When a parent doesn't pay child maintenance
If you use the CMS Collect and Pay service but don't make a payment or don't pay the full amount, CMS will telephone and write to you. They'll tell you they'll start enforcement action within a week unless you:
- make an agreement to pay the full amount missed
- keep to the original child maintenance decision
If you don't make an agreement, CMS can take action to collect the money from you.
Deduction from earnings order/Deductions from earnings request
If you're employed or get a pension from an employer, CMS can tell them to take money from your wages or pension to pay child maintenance. This is a ‘deduction from earnings order’ (or a ‘deduction from earnings request' if you work in Her Majesty’s Armed Forces). CMS doesn't need to apply to a court to get an order.
What your employer must do
Your employer must take the amount from your income CMS asked for and send it to them. If your employer doesn't do this, CMS can take them to court. Your employer can also take up to £1 from your earnings every time a deduction is made to cover administration costs.
If your employer can't take the full amount from your earnings or pension (for example because you haven't earned enough in a particular week), the employer must take what they can.
CMS will advise your employer to leave a certain amount to cover your living costs. If your income regularly falls below this level, you should contact CMS. The amount of child maintenance you pay might need to change.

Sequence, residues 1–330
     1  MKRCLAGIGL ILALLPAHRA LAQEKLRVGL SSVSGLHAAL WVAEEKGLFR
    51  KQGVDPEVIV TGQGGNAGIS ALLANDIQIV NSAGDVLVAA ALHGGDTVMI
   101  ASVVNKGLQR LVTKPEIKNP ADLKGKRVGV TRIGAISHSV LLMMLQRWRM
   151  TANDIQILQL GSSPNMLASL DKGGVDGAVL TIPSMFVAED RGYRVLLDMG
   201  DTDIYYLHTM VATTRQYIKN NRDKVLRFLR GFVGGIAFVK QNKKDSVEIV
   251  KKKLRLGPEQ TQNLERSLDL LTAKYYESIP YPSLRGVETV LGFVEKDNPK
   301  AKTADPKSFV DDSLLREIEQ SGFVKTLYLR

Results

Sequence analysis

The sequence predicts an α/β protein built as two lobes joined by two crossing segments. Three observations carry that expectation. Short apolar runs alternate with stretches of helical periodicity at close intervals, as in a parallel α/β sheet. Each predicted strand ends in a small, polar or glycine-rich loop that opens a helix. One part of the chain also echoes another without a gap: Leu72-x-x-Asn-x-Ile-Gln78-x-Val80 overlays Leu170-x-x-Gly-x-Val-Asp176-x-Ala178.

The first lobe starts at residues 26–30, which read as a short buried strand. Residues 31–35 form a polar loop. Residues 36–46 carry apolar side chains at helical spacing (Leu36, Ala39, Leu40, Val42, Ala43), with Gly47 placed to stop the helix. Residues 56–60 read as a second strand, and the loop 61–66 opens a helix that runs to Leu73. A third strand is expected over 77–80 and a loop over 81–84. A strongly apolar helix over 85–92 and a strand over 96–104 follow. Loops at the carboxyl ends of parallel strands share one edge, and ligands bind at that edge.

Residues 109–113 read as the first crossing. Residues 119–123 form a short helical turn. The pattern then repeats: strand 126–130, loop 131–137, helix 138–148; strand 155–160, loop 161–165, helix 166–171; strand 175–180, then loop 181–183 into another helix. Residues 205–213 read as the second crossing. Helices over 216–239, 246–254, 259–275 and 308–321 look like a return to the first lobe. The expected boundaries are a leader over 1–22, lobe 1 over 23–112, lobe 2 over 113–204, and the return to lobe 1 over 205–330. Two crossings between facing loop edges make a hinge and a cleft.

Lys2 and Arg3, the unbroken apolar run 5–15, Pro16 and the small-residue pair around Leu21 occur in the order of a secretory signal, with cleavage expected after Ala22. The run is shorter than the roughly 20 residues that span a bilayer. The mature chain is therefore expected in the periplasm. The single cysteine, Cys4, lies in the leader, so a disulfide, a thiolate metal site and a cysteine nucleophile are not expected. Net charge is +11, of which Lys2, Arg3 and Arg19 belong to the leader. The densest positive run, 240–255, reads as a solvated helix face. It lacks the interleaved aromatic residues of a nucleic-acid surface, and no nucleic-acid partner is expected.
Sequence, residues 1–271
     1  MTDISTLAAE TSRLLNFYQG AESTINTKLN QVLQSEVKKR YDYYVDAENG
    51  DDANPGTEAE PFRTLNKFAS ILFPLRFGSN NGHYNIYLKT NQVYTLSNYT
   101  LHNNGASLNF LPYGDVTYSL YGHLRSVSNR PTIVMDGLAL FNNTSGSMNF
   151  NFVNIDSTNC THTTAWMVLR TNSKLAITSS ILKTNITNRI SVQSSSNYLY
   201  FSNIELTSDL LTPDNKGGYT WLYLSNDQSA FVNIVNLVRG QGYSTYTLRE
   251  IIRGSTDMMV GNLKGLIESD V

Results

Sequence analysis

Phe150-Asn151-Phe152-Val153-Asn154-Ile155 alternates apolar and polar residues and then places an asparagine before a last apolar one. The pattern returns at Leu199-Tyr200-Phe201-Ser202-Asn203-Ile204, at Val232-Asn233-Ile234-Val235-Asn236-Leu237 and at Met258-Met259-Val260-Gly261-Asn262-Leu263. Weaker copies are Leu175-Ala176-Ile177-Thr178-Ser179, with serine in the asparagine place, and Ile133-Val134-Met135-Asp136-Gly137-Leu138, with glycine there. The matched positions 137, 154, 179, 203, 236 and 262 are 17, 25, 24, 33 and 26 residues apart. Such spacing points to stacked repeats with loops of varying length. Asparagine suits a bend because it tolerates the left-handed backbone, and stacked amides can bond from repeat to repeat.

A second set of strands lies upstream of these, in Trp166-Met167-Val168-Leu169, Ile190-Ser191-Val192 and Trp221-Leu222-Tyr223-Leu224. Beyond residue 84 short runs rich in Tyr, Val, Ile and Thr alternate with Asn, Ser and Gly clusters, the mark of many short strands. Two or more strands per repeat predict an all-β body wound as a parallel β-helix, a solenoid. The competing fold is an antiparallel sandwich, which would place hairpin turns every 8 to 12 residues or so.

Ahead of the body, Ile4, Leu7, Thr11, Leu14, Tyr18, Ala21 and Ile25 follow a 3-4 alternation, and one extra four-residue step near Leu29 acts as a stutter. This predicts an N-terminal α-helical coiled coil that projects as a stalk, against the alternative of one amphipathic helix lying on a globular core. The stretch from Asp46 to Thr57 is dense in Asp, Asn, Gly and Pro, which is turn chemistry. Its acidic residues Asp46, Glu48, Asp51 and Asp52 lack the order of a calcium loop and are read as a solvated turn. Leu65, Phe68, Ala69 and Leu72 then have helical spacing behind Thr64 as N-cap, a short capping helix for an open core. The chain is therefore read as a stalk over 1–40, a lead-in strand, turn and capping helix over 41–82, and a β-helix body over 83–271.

Deductions from bank or building society accounts
CMS can ask your bank or building society to take child maintenance from your account. CMS doesn't need your agreement to do this or ask a court for permission.
The deduction from your account can be:
- regular payments
- a one-off lump-sum
Your bank or building society might charge you an administration fee for each deduction.
Liability order from a court
CMS can take you to court over unpaid child maintenance. They can apply for a court order to take legal action. This is a 'liability order'. If the court grants the order, CMS can then legal action against you.
Parent is employed by Her Majesty's Armed Forces
If the paying parent (non-resident parent, 2003 scheme) is in Her Majesty's Armed Forces and misses payments, CMS will contact the Ministry of Defence (MoD). They'll ask the MoD to take the amount owed for child maintenance from the parent's wages. This is a ‘deductions from earnings request’.
Parent receives benefits or a pension
If the paying parent (non-resident parent, 2003 scheme) gets benefits, a State pension or a War Pension, CMS usually takes the amount owed from their benefit or pension.
If CMS told an employer to take child maintenance from a paying parent’s (non-resident parent’s, 2003 scheme) earnings but they stop working for that employer, the paying parent must tell CMS.
They must also tell CMS:
- the name and address of their new employer, if they have one
- the amount they expect to earn
- their payroll or employee number, if they have one
Giving false information to CMS
CMS can take you to court where you could be fined up to £1,000 if:
- you don't give CMS information they need
- you give CMS information you know is false
- you don't tell CMS your address has changed
CMS can take this action against people and organisations including:
- What happens if you don’t pay child maintenance
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